Depositphotos_5322214_s-2015_012114blog_alteredNew media companies, in a fast-paced battle for relevancy and market share, are continuously creating and adding new advertising products for their sales teams to offer. It can be overwhelming and unrealistic for portfolio sales reps to learn and effectively position their ever-growing bag of new products. For this reason, new media sales organizations commonly deploy product specialists to support the primary sales rep in the sale of new and strategic products.

Sales leaders have accepted the added costs of these overlay product specialists. They know how important new product sales are to hitting their numbers. This model works well when explicit rules govern when and how to leverage these product specialists – which customers are eligible for specialist support, the time frames for specialist availability, and the expected transfer of knowledge from the specialist to the portfolio seller. Without clearly defined roles and rules of engagement for both the specialist and the portfolio seller, deploying product specialists may actually SLOW your growth. Here are three common unintended consequences that can actually slow sales:

Consequence #1: Portfolio Sellers Resist Help – Portfolio reps have several reasons for resisting help. They might choose to stay in their “comfort zone” selling core products to reach quota. They may not trust the product specialist, fearing bringing them in to their accounts could disrupt current business. Or they may not understand the new products and simply avoid them if possible. It’s a shame to deploy specialists only to have your portfolio reps avoid leveraging their help. The results are less new product sales, and zero transfer of knowledge. Unfortunately, we have seen this often, usually resulting from unclear expectations, lack of accountability and inadequate management oversight. Managers must set clear expectations for portfolio reps to collaborate with specialists and learn new products and offerings. Portfolio sellers must continue to develop their skills with the help of the specialists. Without this role clarity and accountability for both roles, the progression of portfolio seller skills will suffer and so will your prospects for growth in the long term.

Consequence #2: More Heads, Same Dollars – The product specialist coverage model usually involves the product specialist serving as an overlay role, thus two or more roles cover a given set of accounts and opportunities. These additional resources raise the productivity expectations of the portfolio seller. But goal setting for new products can be a difficult task, and as a result the increased production expectations (revenue per head, bigger deals, more active accounts, etc.), are not always clearly defined. Sales leaders should clearly define the increased expectations that come with the addition of overlay resources. In some cases the product specialist role can be a hybrid overlay, both supporting portfolio sellers and managing their own accounts. For example, a specialist job designed to dedicate 25% of their time to organic or new account responsibilities might force portfolio sellers to be more selective on joint sales opportunities and expand active account coverage.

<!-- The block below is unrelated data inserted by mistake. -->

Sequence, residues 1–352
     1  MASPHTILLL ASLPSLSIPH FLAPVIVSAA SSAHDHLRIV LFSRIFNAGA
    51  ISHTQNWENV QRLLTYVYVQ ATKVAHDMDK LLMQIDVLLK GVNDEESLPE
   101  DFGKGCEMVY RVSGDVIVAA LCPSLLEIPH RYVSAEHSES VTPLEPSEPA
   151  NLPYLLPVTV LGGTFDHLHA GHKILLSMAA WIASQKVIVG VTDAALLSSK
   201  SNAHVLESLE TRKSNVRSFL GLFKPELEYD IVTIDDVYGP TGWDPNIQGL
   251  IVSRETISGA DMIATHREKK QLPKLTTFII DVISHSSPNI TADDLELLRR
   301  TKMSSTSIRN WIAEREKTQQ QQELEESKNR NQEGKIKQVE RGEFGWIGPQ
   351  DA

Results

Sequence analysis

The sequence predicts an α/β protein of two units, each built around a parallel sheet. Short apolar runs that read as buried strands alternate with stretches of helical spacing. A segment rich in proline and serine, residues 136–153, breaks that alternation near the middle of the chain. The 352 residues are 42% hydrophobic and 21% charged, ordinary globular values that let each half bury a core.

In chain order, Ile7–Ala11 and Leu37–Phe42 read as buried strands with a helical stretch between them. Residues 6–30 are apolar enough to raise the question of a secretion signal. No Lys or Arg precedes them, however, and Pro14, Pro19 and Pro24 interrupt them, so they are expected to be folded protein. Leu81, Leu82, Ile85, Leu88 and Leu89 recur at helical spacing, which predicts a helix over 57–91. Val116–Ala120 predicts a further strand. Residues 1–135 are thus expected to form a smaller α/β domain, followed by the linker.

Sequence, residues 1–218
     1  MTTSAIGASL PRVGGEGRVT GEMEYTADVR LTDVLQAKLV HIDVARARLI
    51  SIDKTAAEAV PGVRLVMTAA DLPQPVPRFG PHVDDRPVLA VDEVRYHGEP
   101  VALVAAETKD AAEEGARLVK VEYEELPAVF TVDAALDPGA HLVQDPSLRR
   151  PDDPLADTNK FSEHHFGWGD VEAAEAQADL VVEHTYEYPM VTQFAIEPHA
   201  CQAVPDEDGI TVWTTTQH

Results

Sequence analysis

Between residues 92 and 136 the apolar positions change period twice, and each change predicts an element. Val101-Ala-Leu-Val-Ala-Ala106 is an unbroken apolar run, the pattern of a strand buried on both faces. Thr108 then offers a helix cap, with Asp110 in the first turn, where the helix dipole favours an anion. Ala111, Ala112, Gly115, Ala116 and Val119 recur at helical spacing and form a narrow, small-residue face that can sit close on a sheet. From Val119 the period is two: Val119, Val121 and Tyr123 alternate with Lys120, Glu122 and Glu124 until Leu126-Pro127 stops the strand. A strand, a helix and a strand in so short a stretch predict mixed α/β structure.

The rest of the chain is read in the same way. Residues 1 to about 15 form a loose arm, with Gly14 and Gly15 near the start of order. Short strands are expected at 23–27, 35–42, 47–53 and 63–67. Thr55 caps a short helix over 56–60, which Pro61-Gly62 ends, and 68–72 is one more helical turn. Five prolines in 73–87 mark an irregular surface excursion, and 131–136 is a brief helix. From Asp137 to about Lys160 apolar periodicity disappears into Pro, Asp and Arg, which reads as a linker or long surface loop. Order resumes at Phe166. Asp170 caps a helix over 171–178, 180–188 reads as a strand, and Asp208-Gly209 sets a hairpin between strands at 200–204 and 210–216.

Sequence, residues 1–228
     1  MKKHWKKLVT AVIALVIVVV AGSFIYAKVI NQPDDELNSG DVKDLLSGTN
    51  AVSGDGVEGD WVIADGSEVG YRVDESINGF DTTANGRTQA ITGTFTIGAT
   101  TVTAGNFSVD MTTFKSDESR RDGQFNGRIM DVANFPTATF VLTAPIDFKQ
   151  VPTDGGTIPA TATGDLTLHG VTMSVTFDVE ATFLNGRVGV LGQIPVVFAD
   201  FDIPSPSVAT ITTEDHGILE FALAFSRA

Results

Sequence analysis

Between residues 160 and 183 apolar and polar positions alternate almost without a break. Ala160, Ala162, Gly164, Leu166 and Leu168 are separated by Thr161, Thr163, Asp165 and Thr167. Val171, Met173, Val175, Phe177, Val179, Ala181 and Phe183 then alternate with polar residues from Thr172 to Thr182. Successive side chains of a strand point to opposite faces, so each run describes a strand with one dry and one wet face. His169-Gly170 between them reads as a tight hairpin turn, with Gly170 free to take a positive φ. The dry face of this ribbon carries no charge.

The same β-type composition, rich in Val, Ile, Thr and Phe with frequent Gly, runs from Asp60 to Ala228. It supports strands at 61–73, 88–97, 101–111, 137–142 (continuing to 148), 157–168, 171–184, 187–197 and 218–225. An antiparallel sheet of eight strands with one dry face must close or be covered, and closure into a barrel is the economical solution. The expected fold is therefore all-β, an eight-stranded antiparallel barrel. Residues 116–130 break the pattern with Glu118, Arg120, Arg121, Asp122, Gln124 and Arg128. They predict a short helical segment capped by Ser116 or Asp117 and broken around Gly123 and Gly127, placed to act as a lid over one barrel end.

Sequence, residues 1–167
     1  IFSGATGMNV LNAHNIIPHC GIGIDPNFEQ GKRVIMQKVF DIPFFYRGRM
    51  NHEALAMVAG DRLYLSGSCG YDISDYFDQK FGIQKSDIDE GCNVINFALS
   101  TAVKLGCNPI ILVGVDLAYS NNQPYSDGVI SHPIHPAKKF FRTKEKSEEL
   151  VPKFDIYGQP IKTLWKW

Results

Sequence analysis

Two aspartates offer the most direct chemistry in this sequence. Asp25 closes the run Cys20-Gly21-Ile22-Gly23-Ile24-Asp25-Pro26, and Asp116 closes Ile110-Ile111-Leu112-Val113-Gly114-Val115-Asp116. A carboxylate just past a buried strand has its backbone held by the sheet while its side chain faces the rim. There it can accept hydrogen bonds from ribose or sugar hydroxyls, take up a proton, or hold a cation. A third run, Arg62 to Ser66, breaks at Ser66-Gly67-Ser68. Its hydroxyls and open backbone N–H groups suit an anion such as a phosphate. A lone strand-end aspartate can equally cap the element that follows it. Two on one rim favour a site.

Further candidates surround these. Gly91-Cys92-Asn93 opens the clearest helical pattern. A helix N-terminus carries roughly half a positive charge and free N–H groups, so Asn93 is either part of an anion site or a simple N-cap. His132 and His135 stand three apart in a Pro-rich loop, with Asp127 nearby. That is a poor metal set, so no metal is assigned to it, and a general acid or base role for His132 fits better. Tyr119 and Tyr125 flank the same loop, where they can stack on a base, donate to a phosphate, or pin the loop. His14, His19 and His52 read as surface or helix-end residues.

Using very simple math to illustrate the potential impact of redefining the specialist role, you can increase your sales expectations by 5% because of expanded account coverage.

Consequence #3: Specialist Dependence Slows Knowledge Transfer – Even when portfolio reps embrace specialists and goals are clear, troubles can arise. A primary goal for most Product Specialists is the transition of strategic product knowledge and sales skills to the portfolio seller – essentially working themselves out of a job. When this knowledge transfer does not happen, the ability of the organization to introduce new products becomes hampered. The Specialist continues to spend his or her time supporting the same set of products rather than learning the next generation of products. This decreases the velocity of new product introduction and adoption, inhibiting growth.

The media advertising industry must continue to innovate and introduce new products, so the product specialist role is not going away any time soon. Sales leaders can take heed to these common unintended consequences that can slow growth when they desperately need to accelerate it. Clear job definition and proactive management are critical. In summary, here are four actions sales leaders should take to ensure effective use of product specialists:

  1. Clearly define job expectations for both portfolio and specialist. Manage and measure success.
  2. Determine which products and clients are eligible for specialist support.
  3. Define the timeframe for a product to move from strategic to core, no longer needing specialist support.
  4. Support portfolio sellers through active management, competency assessment and skill enhancement strategies.

The Product Specialist role is an instrumental part of the sales growth strategy for most media companies. Deployed properly this role uplifts the performance of the entire sales force.

To learn more, please visit the Alexander Group’s Media Sales practice.


Insight type: Article

Industry: Media Sales

Role: C-Suite, Sales and Marketing Leadership

Topic: Strategy

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